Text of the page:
Alright -- the property only costs 549,000. But we thought it would be nice to have a buffer against additional costs for upkeep and improvements in order to bring about a marvelous center for retreat and lay monastic practice between traditions of Catholic/Anglican Christianity and Mahayanan/Theravadan Buddhism.

We'll start our capital campaign on Valentine's Day. We'd like to make an offer on the place by St. Patrick's Day and move in on the final day of winter so as to wake up the first day of spring.

Donors are encouraged. Those whose portfolios are large and whose hearts are generous will receive in return whipped cream on their ice cream. We'd prefer to have no mortgage. You can own it for us if you like.
Everyone who pauses at this prospect with a good thought is exceedingly welcome to visit and pray, sit and meditate, and eat good food sprinkled with hope, joy, compassion and loving kindness.
By listening to the sound of music and its fading, the wise understand the rise and fall of all things. By watching, the wise know the meaning of things even before they appear and take shape.
- Ko Hung 4th century
A million dollars. Maybe less. OK, a lot less. Maybe even a smile allowing that we still dream dreams of places where in parallel worlds a life such as ours is lived out wondering what resides on the other side of subtle cloaking dimension.
Land Love

We stood here in the coupledom of us.
I showed her this — a pool with leaping trout,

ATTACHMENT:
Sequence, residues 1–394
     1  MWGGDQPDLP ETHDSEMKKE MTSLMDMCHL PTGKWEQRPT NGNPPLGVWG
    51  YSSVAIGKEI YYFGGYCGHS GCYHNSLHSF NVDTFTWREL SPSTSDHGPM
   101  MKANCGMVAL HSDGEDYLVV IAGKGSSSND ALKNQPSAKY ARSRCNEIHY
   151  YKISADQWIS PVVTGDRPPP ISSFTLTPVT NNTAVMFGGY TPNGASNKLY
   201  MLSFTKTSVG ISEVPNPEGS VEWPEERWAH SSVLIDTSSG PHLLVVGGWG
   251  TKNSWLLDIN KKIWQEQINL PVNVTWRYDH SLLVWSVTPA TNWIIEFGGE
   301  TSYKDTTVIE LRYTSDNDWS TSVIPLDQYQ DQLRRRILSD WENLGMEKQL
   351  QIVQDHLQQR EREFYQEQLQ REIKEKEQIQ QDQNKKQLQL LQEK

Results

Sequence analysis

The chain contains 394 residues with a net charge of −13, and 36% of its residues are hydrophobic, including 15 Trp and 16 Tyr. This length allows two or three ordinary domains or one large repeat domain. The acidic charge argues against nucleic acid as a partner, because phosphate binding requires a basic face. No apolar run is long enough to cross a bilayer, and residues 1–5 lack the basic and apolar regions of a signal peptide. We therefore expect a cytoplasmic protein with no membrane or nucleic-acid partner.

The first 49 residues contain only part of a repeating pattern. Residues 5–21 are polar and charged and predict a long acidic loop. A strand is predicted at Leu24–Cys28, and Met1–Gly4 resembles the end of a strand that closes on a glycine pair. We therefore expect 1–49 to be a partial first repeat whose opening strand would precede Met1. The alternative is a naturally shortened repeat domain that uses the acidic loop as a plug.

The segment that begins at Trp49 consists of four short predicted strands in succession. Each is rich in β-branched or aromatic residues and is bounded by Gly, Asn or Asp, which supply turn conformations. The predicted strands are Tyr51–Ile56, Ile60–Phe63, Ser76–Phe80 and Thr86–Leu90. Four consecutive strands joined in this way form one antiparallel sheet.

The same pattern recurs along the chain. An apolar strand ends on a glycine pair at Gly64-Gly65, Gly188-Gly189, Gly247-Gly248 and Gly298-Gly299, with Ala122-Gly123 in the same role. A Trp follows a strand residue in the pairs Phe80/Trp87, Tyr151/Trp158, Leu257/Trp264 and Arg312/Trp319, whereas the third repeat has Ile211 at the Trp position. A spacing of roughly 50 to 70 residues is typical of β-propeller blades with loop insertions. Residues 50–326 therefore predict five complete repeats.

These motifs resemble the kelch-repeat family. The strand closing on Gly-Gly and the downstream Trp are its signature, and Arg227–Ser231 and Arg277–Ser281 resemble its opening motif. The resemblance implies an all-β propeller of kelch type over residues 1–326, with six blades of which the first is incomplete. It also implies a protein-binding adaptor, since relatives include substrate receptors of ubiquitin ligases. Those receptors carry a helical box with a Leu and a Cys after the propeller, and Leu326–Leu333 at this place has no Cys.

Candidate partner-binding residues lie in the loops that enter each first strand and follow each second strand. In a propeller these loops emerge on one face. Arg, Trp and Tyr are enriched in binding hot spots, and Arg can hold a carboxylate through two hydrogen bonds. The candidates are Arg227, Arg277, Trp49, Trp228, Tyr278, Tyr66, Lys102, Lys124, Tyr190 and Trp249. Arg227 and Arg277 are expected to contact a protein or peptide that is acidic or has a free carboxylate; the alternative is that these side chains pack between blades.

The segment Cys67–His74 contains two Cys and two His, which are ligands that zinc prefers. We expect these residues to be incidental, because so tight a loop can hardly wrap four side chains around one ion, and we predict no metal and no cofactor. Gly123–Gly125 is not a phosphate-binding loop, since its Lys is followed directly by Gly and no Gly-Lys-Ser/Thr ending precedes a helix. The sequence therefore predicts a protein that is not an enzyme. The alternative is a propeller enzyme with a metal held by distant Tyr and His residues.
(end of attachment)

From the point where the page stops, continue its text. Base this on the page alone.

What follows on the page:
Split-second saints drawn in a rippled nimbus.

We heard the night-boys in the fir trees shout.
Dusk was an insect-hovered dark water,
The calling of lost children, stars coming out.

With all the feelings of a widower
Who does not live there now, I dream my place.
I go by the soft paths, alone with her.

Dusk is a listening, a whispered grace
Voiced on a bank, a time that is all ears
For the snapped twig, the strange wind on your face.

She waits at the door of the hemisphere
In her harvest dress, in the remote
Local August that is everywhere and here.

What rustles in the leaves, if it is not
What I asked for, an opening of doors
To a half-heard religious anecdote?

Monogamous swans on the darkened mirrors
Picture the private grace of man and wife
In its white poise, its sleepy portraitures.

Night is its Dog Star, its eyelet of grief
A high, lit echo of the starry sheaves.
A puff of hedge-dust loosens in the leaves.
Such love that lingers on the fields of life!

(--Poem by Douglas Dunn, Faber, 1985)
At turn in stairs there's a statue settled into a niche. A woman. Is it Mary? Or Kuan Yin? Whoever she is, she knows our hearts are filled with humor and openness to possibility. Do people want to come here to rest a while? Does silence wish minds to penetrate? Will the sweet beauty of nature draw into our tired minds reminders of true home?

It might not matter where one lives, or even whether there is room for others to visit and refresh. This dream of ours has been with us for a long time. Every once in a while we take it out, dust it off, and dance with it in the open air.

One of the small joys in life is the possibility of surprise.

The unexpected kindness.
Gift without explanation.

A grace quietly accepted.

Even before it appears.

Tuesday, February 12, 2008

Then, naturally, there's the question: Who are you not?